On Wednesday, representatives of Venezuela, Iran and Iraq are expected to meet in Tehran to discuss the crisis, Mohsen Ghamsari, Director of International Affairs of the National Iranian Oil Company (NIOC), said.
Chances are slim that other producers will agree on the proposal, analysts told RIA Novosti.
Their decision will depend on what level of output will be used as a basis because there are different assessments – by the International Energy Agency (IEA), OPEC as well as by independent sources like Bloomberg or Argus, Wiktor Bielski, Global Head of Commodities Research at VTB Capital, told RIA Novosti.
Iran and Iraq may be the main opponents to the agreement.
"Earlier Iran said it will not freeze or cut output. Moreover, it wants to raise oil production after sanctions against Tehran have been lifted. Iran could be considered a special case. But Iraq may oppose the deal too," Bielski said, adding that other OPEC members may join the initiative.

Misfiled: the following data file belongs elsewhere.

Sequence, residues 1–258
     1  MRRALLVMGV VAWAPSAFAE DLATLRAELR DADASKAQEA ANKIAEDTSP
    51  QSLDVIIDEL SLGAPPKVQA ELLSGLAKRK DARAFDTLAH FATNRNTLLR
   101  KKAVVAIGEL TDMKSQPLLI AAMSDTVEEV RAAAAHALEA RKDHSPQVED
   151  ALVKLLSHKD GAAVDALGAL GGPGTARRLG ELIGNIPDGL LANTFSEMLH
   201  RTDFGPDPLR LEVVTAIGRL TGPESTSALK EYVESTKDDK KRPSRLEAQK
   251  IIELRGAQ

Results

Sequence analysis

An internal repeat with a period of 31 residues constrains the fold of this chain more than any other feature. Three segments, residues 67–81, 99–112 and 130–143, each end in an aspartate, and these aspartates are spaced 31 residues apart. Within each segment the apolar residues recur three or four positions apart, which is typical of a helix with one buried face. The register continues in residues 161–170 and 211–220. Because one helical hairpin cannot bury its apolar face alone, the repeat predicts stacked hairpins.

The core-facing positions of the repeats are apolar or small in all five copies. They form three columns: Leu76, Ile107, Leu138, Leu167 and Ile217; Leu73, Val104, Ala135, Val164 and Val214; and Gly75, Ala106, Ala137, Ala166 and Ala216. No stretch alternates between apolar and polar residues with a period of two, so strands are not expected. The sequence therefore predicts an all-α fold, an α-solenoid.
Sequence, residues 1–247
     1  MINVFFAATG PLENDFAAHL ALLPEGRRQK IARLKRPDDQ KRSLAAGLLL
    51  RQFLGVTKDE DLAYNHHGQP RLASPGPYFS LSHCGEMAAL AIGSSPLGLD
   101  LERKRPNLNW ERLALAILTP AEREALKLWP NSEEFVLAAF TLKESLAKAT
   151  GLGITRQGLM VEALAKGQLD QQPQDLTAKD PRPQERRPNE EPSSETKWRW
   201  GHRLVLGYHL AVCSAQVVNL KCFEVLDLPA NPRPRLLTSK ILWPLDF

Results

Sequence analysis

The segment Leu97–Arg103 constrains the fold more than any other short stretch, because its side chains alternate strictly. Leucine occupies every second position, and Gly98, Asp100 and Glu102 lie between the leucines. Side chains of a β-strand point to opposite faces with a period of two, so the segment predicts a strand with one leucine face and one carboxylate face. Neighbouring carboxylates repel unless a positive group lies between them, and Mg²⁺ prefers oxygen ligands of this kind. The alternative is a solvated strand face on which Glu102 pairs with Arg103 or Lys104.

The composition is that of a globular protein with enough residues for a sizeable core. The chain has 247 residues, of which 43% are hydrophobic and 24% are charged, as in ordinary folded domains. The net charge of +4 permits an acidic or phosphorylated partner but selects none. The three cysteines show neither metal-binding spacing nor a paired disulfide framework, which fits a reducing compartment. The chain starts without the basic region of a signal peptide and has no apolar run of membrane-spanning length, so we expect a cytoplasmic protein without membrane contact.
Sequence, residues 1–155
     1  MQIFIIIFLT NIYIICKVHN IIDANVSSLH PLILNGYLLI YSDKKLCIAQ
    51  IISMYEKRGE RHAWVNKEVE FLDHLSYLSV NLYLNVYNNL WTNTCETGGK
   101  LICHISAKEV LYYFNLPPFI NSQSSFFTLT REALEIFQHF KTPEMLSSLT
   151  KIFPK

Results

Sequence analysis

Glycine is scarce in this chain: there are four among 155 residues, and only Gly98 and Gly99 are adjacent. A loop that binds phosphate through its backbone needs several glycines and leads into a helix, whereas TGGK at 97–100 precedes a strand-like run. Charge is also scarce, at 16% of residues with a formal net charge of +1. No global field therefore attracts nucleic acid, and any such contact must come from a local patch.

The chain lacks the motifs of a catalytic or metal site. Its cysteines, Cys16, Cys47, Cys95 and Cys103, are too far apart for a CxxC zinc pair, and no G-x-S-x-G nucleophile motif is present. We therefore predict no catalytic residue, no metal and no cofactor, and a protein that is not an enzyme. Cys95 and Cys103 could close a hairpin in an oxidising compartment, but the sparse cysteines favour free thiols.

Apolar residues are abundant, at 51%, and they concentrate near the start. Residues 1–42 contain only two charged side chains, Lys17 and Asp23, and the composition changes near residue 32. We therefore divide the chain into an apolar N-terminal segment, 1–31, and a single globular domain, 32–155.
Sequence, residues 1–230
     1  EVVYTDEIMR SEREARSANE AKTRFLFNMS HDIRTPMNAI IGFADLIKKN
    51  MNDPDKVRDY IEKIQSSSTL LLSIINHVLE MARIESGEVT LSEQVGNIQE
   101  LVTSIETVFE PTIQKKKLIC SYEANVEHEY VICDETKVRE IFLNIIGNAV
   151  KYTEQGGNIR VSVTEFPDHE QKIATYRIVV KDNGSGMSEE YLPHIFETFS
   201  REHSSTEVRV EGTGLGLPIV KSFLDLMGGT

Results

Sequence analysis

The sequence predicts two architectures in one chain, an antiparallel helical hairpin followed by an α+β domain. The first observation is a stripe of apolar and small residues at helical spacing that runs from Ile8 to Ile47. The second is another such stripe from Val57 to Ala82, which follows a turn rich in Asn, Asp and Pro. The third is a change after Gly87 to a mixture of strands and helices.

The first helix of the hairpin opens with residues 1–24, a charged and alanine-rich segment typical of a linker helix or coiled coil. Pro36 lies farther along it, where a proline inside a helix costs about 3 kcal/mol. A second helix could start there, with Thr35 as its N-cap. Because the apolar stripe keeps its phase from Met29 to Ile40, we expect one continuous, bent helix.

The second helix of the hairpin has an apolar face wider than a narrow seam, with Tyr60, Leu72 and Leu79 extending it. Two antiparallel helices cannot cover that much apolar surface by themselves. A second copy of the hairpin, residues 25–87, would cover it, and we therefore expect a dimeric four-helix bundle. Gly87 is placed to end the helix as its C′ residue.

Furthermore, if all OPEC members join the deal a special scenario may be proposed for Tehran, the analyst assumed.
"Of course, this will have positive consequences for the market, and price for Brent crude may stabilize at $30-35 a barrel," he added.
Iran and Iraq will be the key players in the upcoming negotiations.
"They have little stimulus to cut oil production. After sanctions have been lifted Iran plans to raise oil production to one million barrels a day," Marco Guili, an analyst at the European Political Center (EPC), said.
The next ministerial meeting of OPEC and non-OPEC countries is set for June 2, where oil producing states are expected to determine oil extraction quotas.
Global oil prices plunged from $115 to less than $30 per barrel between June 2014 and January 2016, hitting their lowest levels since 2003, mostly because of prolonged global oversupply and sluggish demand.